Unauthorized Email Access By CIO
We were contacted by the Chief Security Officer of a defense contractor who stated that the Chief Information Officer of the company may be unlawfully accessing and reading both the CEO’s and the COO's emails. He also stated the emails he was allegedly reading were extremely sensitive. Furthermore, this investigation had to be conducted with utmost sensitivity as the CIO was a very valuable member or the organization was also related to the company's founder and the CEO. The tip was received by the CSO from an anonymous informant.
This case posed a variety of challenges to the team. First was the nature of the business the company was involved in. Second, the suspect was the CIO. Third, he was related to the CEO. Fourth, he had a laptop computer that he took home. Fifth, accessing exchange logs [if there were any] without his knowledge would be almost impossible. In addition, they wanted the investigation to be conducted in a totally covert fashion and without knowledge of the suspect.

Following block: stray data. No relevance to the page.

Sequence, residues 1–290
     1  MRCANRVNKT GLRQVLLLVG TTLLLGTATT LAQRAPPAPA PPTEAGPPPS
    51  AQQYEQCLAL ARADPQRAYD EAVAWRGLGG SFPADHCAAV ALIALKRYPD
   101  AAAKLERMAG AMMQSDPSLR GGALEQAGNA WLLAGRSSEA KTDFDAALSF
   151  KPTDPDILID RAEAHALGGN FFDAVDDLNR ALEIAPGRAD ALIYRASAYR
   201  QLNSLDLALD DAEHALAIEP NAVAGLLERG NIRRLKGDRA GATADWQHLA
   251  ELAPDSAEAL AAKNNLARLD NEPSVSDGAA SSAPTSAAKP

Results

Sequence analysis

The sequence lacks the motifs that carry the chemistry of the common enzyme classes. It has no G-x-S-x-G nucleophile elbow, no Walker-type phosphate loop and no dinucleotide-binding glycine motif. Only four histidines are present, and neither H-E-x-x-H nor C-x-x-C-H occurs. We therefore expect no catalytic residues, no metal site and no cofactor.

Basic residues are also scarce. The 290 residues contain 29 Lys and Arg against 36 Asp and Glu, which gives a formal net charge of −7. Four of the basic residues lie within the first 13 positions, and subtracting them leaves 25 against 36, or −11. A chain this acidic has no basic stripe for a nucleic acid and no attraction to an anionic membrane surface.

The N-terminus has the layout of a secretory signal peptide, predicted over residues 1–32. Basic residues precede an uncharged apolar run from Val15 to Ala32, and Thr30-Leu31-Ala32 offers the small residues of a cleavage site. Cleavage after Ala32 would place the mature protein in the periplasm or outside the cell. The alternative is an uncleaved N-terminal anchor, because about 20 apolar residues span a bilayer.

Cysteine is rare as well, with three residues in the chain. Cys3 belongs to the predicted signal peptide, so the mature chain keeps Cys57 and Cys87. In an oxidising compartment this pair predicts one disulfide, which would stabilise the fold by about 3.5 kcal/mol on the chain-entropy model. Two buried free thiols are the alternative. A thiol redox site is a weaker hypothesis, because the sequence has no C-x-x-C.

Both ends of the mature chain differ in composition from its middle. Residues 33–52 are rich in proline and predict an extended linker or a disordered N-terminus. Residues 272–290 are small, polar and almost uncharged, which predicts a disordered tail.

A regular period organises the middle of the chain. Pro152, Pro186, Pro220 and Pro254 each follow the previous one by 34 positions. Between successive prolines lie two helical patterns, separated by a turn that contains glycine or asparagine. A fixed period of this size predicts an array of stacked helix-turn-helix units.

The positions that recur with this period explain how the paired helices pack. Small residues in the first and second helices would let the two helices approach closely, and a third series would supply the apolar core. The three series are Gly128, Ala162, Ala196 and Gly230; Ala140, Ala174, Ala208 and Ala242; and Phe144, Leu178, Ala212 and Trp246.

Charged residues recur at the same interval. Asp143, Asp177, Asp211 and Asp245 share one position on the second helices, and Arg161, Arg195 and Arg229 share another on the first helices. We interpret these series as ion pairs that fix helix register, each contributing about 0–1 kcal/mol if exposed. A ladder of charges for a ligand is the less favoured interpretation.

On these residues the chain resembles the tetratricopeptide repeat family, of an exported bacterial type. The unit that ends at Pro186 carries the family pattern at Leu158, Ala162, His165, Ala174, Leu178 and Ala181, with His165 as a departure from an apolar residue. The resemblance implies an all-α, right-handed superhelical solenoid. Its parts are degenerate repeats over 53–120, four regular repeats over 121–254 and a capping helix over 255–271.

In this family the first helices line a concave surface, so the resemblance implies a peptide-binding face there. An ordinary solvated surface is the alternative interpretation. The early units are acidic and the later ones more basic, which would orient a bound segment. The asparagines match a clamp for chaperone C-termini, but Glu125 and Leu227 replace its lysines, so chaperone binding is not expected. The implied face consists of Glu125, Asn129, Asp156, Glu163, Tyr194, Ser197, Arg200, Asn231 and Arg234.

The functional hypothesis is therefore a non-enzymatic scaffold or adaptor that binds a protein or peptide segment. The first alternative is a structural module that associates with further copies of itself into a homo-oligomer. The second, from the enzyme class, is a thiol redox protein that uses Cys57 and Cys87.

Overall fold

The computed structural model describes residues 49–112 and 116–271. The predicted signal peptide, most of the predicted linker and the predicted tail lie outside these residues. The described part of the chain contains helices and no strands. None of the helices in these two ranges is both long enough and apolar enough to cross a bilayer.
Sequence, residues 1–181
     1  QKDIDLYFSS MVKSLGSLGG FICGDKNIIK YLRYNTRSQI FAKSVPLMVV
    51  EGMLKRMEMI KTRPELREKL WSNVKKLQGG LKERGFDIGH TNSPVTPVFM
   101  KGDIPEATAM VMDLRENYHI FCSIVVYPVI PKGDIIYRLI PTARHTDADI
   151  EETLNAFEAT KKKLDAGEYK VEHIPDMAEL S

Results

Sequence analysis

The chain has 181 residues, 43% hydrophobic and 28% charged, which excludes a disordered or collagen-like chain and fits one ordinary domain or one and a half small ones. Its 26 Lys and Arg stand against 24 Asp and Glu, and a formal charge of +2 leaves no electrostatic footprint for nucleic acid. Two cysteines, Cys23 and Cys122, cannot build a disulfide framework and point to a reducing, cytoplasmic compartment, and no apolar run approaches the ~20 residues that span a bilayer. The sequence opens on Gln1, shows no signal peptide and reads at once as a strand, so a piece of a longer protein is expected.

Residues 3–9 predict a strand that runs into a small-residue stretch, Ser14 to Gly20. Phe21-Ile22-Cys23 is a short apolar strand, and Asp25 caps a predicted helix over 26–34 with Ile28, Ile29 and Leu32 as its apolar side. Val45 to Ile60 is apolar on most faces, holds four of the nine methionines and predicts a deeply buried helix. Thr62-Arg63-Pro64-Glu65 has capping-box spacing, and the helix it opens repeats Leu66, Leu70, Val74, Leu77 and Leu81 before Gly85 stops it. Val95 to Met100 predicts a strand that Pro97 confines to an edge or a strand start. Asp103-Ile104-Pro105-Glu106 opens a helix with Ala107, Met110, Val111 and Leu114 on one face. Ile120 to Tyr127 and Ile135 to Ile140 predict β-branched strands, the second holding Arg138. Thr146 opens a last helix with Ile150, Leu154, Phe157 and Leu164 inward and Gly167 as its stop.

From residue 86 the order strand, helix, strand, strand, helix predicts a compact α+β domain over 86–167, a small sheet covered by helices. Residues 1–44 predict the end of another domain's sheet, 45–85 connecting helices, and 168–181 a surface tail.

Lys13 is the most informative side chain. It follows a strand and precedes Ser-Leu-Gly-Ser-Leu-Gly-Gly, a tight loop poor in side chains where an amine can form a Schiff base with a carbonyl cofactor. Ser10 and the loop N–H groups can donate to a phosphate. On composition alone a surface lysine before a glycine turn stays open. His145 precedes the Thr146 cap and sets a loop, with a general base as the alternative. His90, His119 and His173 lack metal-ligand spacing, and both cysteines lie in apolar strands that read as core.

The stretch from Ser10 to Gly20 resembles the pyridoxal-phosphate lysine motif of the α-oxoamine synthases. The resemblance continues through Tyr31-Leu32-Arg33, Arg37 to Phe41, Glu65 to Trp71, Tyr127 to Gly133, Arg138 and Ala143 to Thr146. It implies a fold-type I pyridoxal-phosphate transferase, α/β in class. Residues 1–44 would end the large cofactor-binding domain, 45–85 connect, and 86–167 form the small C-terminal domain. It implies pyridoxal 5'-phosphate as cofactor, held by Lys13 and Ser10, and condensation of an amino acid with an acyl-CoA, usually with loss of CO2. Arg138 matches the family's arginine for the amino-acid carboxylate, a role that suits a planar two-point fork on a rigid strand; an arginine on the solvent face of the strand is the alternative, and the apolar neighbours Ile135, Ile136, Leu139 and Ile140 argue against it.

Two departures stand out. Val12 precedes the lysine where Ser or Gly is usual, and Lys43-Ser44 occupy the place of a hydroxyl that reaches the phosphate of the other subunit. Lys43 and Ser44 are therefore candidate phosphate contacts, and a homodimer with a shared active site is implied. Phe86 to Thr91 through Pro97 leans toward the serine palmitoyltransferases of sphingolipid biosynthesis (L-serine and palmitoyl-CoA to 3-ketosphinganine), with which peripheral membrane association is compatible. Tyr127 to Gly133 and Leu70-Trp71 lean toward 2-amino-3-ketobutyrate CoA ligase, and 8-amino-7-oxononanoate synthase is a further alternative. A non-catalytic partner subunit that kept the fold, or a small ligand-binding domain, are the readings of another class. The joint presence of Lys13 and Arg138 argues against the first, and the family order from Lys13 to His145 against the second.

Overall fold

Any time we have a case involving suspected misconduct by IT personnel, we call it a "special case." It is rather challenging to covertly investigate a member of the IT team. We had to think out of the box as to how we would accomplish our task. We eventually came up with a plan we felt would work. The CSO was a retired FBI agent and still had ties to the bureau. We told him that it would not be unusual for him to get a call warning him about the potential compromise of their network or the laptops of the executive staff [who had traveled overseas recently]. We would pretend to be private contractors working for a certain government agency investigating an undisclosed cyber threat. Because of who we were supposed to be and what they did, we would pretend that we could not share the details of our investigation with him. According to the plan, we would show up at the location while our suspect was working and would have his laptop with him. Following this strategy, we went into the CSO's office, called the CIO, and carried out an Oscar-worthy performance convincing him of who we were and what we were there to do. The CSO confirmed who we were and told the suspect that he had received the call and knew we were coming. The suspect was initially upset that the CSO did not share any of this with him prior to our arrival, but we convinced him that the CSO was instructed not to share the information with anyone pending our arrival. We asked the help of the CIO and his staff to gather all laptops belonging to executives who traveled overseas during the last three months, obviously knowing he was one of them. We forensically imaged a total of twelve laptops as part of the scenario. Carved internet artifacts showed that the suspect was in fact using a web-based interface to log into the CEO's and other executive's emails, among many other things that they were not aware of. Once we had recovered the proof from his laptop, we returned to the client's location and confronted the CIO with the evidence we recovered from his computer. When he saw the printouts, he admitted to every instance of misconduct we discovered.
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